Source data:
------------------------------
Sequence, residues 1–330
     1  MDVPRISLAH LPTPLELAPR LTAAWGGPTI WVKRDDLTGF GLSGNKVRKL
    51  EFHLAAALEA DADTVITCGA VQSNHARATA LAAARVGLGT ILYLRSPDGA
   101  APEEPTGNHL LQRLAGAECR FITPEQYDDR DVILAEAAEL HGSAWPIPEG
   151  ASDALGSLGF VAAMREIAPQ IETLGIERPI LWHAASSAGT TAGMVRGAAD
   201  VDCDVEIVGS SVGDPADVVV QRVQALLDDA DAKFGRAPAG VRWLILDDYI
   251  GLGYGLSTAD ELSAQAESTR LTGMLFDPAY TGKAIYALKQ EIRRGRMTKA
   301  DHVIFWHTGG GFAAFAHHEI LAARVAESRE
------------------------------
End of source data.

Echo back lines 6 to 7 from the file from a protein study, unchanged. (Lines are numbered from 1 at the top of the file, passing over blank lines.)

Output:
   201  VDCDVEIVGS SVGDPADVVV QRVQALLDDA DAKFGRAPAG VRWLILDDYI
   251  GLGYGLSTAD ELSAQAESTR LTGMLFDPAY TGKAIYALKQ EIRRGRMTKA